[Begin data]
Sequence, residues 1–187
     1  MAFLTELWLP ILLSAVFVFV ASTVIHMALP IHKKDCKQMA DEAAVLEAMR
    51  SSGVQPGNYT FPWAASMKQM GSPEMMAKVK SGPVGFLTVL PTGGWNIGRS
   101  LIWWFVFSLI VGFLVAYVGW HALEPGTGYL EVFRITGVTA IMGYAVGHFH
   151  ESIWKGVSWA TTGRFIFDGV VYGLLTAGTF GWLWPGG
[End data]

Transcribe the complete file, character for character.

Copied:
Sequence, residues 1–187
     1  MAFLTELWLP ILLSAVFVFV ASTVIHMALP IHKKDCKQMA DEAAVLEAMR
    51  SSGVQPGNYT FPWAASMKQM GSPEMMAKVK SGPVGFLTVL PTGGWNIGRS
   101  LIWWFVFSLI VGFLVAYVGW HALEPGTGYL EVFRITGVTA IMGYAVGHFH
   151  ESIWKGVSWA TTGRFIFDGV VYGLLTAGTF GWLWPGG